Anyone that purchases this lot at this price will certainly see a 50k increase in the next 2 years and possibly more. For those that can wait longer or build a spec home could see increases even bigger than that.

We also have another lot on a road not to far away from that called Silverdale that we have dropped to 135,000. This lot could also see tremendous appreciation in the next three years based on the custom homes that are going up in the area. There are some very big developments planned that are starting to go in like Whitewing, El Pedregal and Quintana Hills estates that are going to have 1 Million dollar plus homes in them.

Many people are not aware of the big developments going on. If you have a Realtor or access to the MLS you can check out both properties. We feel they are undervalued and priced to move in the current market with big potential in the future. We are not going to build on them so we would like to sell them to people that can either hold for a couple of years or build on them. Those that do have a good chance of being rewarded handsomely.

Right now there is a lull in the market but make no mistake, within the next five years Phoenix is going to see an upswing due to the massive growth that is going to come in.

I live in Utah where property gives in investors a great return, my husband is a developer as well we just purchased some land, for a large amount but the return if we sell it raw would be at least 1 million or if we develop it would be about 4 million. your best best if you find some property is to do some research, the quickest and easies way is to go to the city the property is in and check the master plan, (at the city planners building) they have a master map of what they project for the city for the next few years and you can find out if the area you are looking is panned use is.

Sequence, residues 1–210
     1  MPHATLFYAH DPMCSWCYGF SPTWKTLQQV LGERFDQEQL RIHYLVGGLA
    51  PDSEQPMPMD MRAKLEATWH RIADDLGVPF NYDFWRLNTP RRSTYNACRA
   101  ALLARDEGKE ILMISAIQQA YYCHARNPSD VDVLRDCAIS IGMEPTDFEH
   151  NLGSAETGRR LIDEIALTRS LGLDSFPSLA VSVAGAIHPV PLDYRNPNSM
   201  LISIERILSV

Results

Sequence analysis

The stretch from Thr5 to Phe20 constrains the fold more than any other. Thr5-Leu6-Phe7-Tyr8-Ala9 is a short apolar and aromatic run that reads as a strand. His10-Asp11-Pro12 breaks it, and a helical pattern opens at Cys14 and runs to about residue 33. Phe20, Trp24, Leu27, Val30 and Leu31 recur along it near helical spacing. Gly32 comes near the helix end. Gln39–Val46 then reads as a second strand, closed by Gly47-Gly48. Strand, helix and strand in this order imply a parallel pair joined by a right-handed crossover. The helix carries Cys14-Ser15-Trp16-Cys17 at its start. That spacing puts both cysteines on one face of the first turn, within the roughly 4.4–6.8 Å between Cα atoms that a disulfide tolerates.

Originally posted by "cdtcgordon":
I live in Utah where property gives in investors a great return, my husband is a developer as well we just purchased some land, for a large amount but the return if we sell it raw would be at least 1 million or if we develop it would be about 4 million. your best best if you find some property is to do some research, the quickest and easiest way is to go to the city the property is in and check the master plan, (at the city planners building) they have a master map of what they project for the city for the next few years and you can find out if the area you are looking is panned use is.

There are two important points in this post.

1. You have to do your research and understand what is likely to happen. The community and region will have published development plans so it is not like anyone is hiding the information. At the same time these are planning documents that go out 20 years or more. How and when development actually happens is not guaranteed.